Winter Olympics 2018: 'Alexander Krushelnitsky is not stupid', Russian coach defends curler after doping allegations
Krushelnitsky and his wife Anastasia Bryzgalova captured the bronze medal last Tuesday in the mixed doubles curling event.
Gangneung: A Russian curling coach on Monday sprang to the defence of Alexander Krushelnitsky, the curler at the centre of doping allegations, saying: "It's stupid and Alexander is not a stupid man."
Sergei Belanov, women's curling coach for the Olympic Athletes from Russia, dismissed reports that the mixed doubles bronze medallist had taken the banned drug meldonium.
"No benefits. No advantage" said Belanov. "And I don't believe a young man chooses risk or will use the same drug that has been around for two years.
"It's stupid and Alexander is not a stupid man."
Krushelnitsky is the only curler named Alexander on the Russian team. Various Russian reports have named him as the athlete involved.
A spokesman for the OAR said an A sample from a Russian athlete showed a possible violation of anti-doping rules and a B sample would be tested on Monday.
"I would never believe someone on our team would do that," said women's curling skip Victoria Moiseeva.
"I don't know how he could do such a thing and sleep at night because it's not only him, but it's the whole nation."
Russia was banned from the Pyeongchang Olympics in December following a probe into state-sponsored doping but 16 clean athletes were allowed to take part as independents representing the OAR.
"We all know what happened before," said Moiseeva. "We would never risk that. We don't know how it happened. We would never believe he would have done it on purpose."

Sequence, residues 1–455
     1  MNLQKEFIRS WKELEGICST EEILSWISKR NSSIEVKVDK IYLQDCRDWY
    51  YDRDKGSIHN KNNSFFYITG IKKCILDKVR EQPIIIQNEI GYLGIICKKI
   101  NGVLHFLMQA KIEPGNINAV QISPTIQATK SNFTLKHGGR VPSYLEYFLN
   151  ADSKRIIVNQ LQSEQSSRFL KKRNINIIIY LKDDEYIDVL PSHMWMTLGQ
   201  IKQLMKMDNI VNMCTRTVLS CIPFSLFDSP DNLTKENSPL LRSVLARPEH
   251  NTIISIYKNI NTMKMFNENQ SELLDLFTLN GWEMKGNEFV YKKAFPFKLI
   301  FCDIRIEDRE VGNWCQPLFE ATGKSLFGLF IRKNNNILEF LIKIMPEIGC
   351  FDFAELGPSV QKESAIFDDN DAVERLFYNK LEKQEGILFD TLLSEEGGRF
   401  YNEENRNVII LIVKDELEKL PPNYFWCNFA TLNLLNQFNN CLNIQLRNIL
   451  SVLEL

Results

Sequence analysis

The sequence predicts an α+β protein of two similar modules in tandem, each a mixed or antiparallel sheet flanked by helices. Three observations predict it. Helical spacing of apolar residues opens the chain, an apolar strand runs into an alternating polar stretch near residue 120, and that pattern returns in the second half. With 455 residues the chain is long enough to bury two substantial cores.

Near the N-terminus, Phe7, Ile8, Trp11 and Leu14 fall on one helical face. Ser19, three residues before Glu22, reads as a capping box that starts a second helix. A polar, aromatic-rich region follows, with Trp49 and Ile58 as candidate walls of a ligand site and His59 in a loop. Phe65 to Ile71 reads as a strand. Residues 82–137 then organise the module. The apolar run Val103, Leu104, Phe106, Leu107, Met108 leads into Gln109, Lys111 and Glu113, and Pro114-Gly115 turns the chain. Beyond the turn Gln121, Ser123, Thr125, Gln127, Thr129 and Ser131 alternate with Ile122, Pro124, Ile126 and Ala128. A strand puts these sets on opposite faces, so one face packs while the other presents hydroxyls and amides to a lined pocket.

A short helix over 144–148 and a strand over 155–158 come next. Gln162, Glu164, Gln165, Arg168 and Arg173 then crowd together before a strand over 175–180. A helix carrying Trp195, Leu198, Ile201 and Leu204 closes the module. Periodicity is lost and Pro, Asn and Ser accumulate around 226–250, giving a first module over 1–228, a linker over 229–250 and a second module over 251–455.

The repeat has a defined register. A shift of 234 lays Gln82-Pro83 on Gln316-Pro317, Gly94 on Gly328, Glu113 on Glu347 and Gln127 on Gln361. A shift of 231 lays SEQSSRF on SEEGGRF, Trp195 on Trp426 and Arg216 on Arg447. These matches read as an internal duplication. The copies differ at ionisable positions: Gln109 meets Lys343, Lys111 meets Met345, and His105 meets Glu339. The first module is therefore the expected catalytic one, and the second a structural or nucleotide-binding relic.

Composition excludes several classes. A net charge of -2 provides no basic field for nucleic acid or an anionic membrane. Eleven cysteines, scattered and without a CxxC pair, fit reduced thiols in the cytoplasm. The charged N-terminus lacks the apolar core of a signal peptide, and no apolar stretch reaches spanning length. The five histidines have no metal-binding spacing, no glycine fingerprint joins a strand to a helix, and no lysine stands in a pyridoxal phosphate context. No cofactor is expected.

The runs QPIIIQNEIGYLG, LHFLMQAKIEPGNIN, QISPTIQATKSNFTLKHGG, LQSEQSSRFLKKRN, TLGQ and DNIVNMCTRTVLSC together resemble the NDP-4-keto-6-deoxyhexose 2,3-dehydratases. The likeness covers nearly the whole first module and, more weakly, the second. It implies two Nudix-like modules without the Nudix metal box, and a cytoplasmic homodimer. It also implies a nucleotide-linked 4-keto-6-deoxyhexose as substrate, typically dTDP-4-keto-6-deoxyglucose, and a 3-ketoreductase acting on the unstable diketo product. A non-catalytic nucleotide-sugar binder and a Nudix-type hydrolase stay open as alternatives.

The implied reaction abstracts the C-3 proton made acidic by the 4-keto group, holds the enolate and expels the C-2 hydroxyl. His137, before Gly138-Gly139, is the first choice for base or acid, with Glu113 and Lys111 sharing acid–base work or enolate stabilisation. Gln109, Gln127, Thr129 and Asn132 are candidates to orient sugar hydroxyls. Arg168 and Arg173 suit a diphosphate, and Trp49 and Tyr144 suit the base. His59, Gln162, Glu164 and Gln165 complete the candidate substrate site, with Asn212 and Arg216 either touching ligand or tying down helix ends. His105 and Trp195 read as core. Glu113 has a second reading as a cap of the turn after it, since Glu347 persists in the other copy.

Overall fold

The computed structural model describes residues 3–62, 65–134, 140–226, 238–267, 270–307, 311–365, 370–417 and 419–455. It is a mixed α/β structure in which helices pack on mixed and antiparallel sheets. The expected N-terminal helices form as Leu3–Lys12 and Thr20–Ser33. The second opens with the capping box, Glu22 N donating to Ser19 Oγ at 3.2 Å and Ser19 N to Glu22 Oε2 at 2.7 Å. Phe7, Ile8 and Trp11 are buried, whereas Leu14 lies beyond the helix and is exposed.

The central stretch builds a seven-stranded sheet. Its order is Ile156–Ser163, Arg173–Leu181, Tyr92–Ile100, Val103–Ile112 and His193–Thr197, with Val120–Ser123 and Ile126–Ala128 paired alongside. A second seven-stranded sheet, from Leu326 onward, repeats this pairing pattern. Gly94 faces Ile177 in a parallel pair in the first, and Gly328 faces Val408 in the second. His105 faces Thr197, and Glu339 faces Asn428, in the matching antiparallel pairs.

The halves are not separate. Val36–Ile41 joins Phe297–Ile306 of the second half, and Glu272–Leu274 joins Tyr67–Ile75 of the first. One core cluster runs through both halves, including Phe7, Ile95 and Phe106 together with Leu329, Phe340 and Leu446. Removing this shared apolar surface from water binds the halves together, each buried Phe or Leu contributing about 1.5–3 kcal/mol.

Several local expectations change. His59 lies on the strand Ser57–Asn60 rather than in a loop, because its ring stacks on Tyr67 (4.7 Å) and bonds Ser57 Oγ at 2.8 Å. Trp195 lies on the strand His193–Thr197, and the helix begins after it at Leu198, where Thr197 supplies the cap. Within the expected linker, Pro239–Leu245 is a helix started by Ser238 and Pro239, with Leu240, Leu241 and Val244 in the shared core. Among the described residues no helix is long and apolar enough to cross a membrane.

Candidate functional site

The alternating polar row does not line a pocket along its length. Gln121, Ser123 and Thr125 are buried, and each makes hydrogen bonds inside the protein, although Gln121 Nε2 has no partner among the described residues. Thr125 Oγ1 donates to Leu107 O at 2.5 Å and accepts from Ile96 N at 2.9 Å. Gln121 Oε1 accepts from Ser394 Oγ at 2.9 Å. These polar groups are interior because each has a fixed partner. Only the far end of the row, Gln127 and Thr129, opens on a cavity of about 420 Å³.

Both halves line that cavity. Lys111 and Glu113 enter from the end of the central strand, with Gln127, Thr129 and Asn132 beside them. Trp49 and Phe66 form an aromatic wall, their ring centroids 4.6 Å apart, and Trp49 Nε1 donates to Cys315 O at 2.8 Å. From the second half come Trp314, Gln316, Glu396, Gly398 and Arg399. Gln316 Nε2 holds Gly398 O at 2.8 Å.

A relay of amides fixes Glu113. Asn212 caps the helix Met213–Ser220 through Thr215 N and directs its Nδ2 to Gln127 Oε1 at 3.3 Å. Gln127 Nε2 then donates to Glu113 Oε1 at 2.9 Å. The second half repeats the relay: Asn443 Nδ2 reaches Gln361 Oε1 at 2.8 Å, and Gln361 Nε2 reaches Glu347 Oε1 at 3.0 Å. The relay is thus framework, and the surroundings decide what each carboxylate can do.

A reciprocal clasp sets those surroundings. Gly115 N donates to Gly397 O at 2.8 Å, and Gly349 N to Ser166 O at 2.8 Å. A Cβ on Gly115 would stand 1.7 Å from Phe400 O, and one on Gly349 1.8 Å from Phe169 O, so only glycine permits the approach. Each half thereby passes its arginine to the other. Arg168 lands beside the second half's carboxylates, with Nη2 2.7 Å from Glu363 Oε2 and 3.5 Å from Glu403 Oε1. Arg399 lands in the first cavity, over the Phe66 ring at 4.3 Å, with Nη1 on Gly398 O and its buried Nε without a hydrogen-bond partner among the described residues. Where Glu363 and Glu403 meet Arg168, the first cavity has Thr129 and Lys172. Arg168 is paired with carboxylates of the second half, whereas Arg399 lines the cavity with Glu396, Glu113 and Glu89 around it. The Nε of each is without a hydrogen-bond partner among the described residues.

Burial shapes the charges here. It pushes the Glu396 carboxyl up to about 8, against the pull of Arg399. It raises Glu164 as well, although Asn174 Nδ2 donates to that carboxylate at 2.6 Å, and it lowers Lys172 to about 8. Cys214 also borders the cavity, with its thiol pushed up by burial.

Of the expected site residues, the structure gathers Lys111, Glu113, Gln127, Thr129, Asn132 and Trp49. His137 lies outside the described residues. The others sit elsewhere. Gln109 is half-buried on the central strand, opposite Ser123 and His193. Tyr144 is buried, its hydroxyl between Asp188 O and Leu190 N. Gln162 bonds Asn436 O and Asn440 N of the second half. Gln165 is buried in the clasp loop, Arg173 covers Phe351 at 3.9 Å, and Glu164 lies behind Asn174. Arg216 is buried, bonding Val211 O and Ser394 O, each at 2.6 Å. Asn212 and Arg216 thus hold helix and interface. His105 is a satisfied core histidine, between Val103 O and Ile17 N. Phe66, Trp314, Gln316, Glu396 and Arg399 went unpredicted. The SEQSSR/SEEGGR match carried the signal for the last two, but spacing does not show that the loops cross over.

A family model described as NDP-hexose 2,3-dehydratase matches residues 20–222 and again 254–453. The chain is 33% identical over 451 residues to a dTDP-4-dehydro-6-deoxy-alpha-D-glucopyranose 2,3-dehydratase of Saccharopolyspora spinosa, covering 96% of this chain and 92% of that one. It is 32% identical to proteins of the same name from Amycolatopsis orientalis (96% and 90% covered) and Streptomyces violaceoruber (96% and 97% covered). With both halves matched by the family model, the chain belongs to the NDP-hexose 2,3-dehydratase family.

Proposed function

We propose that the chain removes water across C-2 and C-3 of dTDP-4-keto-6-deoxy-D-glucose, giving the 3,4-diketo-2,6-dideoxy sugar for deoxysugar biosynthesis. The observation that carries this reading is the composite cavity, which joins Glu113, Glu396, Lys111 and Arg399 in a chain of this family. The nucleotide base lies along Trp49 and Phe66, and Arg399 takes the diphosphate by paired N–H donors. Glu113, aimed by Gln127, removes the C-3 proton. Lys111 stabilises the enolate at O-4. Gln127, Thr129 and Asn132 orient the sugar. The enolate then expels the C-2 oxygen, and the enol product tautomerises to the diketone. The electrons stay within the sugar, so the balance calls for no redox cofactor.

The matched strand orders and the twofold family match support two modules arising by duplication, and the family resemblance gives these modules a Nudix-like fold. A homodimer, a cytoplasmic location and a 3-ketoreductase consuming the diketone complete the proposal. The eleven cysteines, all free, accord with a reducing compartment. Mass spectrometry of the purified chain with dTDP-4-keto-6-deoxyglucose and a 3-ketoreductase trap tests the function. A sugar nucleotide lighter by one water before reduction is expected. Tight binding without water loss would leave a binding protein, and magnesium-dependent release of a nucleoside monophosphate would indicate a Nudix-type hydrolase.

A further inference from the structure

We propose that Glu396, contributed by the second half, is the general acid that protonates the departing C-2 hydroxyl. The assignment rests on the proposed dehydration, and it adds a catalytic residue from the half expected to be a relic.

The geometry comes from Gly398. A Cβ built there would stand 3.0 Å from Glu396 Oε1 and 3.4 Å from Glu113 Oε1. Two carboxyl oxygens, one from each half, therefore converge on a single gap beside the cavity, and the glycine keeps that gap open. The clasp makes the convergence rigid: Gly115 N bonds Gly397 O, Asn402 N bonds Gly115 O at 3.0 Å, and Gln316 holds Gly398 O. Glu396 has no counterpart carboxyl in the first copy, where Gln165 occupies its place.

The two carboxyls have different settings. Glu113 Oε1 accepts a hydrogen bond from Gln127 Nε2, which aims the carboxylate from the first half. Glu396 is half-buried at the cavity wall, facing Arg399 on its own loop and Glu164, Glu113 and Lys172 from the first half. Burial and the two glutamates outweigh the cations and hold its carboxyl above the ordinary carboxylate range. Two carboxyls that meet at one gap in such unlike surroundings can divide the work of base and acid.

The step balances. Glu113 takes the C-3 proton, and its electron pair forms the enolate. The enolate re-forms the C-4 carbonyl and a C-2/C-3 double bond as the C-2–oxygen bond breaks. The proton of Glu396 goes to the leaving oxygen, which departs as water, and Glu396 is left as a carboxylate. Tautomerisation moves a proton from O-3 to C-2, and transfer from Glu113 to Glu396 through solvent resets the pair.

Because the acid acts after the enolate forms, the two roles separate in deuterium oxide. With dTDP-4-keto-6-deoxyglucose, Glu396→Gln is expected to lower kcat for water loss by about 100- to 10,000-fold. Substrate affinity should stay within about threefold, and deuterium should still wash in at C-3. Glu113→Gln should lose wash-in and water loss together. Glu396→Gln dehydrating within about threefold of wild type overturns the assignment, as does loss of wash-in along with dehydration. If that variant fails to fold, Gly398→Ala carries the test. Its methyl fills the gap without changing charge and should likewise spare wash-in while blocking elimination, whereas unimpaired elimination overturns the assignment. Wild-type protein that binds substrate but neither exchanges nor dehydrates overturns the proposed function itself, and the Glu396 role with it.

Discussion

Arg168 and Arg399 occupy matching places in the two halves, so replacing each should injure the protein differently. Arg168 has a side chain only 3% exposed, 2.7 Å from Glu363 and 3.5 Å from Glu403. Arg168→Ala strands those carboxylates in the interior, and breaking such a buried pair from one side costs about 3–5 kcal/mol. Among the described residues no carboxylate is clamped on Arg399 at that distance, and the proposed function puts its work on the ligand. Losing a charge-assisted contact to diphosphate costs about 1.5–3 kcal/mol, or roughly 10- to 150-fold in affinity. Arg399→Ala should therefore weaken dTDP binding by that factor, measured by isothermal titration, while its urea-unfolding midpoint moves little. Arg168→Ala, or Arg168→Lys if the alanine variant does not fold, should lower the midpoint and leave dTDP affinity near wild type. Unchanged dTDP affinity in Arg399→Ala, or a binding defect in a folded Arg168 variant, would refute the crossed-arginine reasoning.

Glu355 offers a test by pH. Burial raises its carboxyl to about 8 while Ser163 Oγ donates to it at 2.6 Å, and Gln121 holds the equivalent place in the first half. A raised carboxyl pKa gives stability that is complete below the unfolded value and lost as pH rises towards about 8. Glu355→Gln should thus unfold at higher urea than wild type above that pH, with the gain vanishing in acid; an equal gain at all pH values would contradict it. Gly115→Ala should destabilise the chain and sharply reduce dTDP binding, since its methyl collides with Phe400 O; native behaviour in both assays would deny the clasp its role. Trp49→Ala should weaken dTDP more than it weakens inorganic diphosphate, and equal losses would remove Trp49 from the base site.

Krushelnitsky and his wife Anastasia Bryzgalova captured the bronze medal last Tuesday in the mixed doubles.
"I can't imagine how he and his wife feel. There are no words to comfort them now," Moiseeva added, saying teammates were affected by the news as they lost 11-2 to Switzerland in a pool game Tuesday morning.
"We wanted not to think about it when we found out, but it was still in our heads," Moiseeva said.
In remarks to reporters ahead of a US Olympic team media event, USOPC president Susanne Lyons said the organisation firmly believed that boycotts were ineffective.
Tokyo organisers said about 600,000 Olympic tickets have been sold to people outside Japan. Japanese residents bought 4.45 million.
Featuring the numbers two and six in a single trace like ice against a white background, the logo won 75 percent of the vote over a second 'Dado' design, a dice featuring the red and green colours of the Italian flag